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Exchange Rate Fluctuations: Causes and Impacts

1. Look at the economist website at:
using the tables from the latest issue of the Economist, please answer the following questions. Please clearly state your assumptions that you need. Please clearly show, in detail, the calculations and steps you use to arrive at your answers. Please do not use any other sources for the data required to answer these questions. Based on Britain (£) and Australia ($).
a. For all practical purposes, are real interest rates about equal (real interest rate is nominal interest rate, adjusted for inflation) in these two countries?
b. Compared to last year, has the Australian dollar appreciated or depreciated against the pound and by how much? (Please provide your complete reasoning and computations). Is that what you would expect based on your answer to part a? Explain your reasoning.
c. Identify any two other pieces of information from the tables that might, in theory at least, help to explain appreciation or depreciation of the Australian dollar in general. Now determine whether the actual data from the tables are consistent with your answer to part b (about the appreciation or depreciation of the Australian dollar).

2. Consider a small country, MadhatterLand trades goods and assets with the rest of the world consisting of perfect capital markets.
a. Suppose MadHatterLand has fixed exchange rate. The governor of the Central Bank, Ms. March hare, attempts to increase aggregate domestic demand through an unsterilized, open market expansion of money supply.
i. What will happen to the overall BOP and why?
ii. What will happen to the forex holdings of the Bank and why?
b. Now suppose MadhatterLand has a fully floating exchange rate (i.e. Bank never intervenes in the forex market to affect exchange rates). Again, Ms. March Hare chooses to expand domestic demand through expansion in money supply.
i. What will happen to the overall BOP and why?
ii. What will happen to the exchange rate and why?

3. Consider a Mexican firm that knits sweaters for sale to a U.S. department store. The firm incurs total costs of 16 pesos/sweater, and sells the sweater to the department store for $5 per sweater. The exchange rate is 4 pesos/$.
a. What is the firm markup per sweater as a percentage of revenues?
b. If the peso is devalued 20%, what is the new value of the peso?
c. If the firm keeps dollar prices constant and peso costs constant, what is the markup per sweater as a percentage of revenue after the devaluation?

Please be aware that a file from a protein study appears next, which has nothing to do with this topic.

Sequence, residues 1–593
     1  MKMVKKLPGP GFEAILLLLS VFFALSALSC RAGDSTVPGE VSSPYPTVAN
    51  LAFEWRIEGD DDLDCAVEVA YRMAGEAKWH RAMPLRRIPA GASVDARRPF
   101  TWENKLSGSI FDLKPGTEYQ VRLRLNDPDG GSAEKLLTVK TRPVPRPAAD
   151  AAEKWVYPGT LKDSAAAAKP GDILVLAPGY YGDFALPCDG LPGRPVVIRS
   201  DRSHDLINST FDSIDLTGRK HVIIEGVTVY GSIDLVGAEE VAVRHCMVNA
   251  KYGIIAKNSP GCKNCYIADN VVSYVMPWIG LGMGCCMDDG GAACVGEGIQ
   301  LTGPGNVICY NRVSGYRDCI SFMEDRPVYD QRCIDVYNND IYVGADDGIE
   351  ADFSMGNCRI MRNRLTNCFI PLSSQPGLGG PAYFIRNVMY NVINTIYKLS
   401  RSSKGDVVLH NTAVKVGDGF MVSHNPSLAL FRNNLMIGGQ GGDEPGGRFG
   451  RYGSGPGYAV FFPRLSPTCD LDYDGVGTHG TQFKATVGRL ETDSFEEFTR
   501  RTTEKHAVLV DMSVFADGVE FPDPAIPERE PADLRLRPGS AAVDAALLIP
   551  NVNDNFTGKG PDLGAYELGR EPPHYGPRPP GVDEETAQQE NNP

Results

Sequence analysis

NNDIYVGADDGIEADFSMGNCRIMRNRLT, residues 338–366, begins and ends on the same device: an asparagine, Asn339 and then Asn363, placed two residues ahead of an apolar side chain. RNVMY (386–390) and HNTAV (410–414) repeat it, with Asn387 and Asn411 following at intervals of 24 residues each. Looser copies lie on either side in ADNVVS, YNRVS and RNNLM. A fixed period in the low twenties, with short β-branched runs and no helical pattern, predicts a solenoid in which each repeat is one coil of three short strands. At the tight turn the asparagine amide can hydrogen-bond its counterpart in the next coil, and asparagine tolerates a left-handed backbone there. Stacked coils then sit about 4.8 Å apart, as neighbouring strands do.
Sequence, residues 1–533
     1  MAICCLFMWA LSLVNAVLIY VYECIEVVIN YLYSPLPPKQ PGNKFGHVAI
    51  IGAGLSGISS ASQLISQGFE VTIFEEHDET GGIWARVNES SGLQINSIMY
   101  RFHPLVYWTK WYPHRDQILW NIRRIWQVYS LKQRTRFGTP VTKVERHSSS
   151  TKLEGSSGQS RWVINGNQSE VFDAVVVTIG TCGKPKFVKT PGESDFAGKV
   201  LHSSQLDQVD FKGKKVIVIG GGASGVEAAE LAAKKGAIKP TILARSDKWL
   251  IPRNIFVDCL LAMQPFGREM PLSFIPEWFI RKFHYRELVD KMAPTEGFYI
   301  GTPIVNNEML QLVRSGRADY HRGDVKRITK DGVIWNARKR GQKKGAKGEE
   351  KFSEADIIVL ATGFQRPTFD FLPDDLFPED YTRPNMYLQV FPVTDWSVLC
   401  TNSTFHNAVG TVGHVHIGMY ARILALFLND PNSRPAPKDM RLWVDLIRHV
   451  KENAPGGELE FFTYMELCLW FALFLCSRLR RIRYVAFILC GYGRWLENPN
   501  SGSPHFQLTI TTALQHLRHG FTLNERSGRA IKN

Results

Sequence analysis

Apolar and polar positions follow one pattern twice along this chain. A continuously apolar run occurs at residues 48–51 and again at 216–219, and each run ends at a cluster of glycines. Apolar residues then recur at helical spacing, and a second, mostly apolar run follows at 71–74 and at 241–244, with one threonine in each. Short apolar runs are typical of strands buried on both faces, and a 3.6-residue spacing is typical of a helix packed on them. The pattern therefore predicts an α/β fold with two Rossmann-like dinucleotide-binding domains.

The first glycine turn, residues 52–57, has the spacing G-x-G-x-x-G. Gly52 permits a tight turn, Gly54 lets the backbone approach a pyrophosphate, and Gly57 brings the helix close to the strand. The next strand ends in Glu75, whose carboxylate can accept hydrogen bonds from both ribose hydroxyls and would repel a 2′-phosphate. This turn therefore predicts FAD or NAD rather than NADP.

d. If the firm decides to keep the gross margin per sweater constant (at 20%), would sales expand or decline? Why? What would the new dollar price be after devaluation?

Solution Preview

1. The data that is being used to answer this question is based on the what is available with the economist. When it comes to exchange rates the Economist publishes the exchange rate against the USD, and not against other currencies. So one has to determine other exchange rates assuming efficient markets. As far as the interest rates go, one can consider both the 3-month and the 10-year government bond rates that the Economist provides. I use the 3-month rate, since when people say interest rates that usually means the short-term rate. The inflation rate again is an issue since the Economist provides the inflation rate for the first quarter (Jan-Mar) for Australia but for April for Britain. Assume that the inflation rate has not changed much, and we can use the first quarter rate for Australia with Britain's April rate.

The numbers from the website are as follows:

Britain: Inflation Rate (Apr) = +2.3%
Exchange Rate (Pounds per USD) = 0.61
Exchange Rate (Pounds per USD) = 0.51 (a year ago)
GDP Growth (Q1) = -4.1%
3-month Interest Rate = 1.20%

Australia: Inflation Rate (Q1) = +2.5%
Exchange Rate (AUD per USD) = 1.23
Exchange Rate (AUD per USD) = 1.04 (a year ago)
GDP Growth (Q1) = 0.4%
3-month Interest Rate = 3.20%

Changes in Commodity prices over the last month = +8.7%

a. Real Interest Rate in Britain = Nominal Rate - Inflation = 1.2 - 2.3 = -1.1%
Real Interest Rate in Australia = Nominal Rate - Inflation = 3.2 - 2.5 = +0.7%

Though the numbers are different they are not very different. The difference is just about 1.8%. For all practical purposes this is equal to zero, and the interest rates are the same for all practical purposes. ...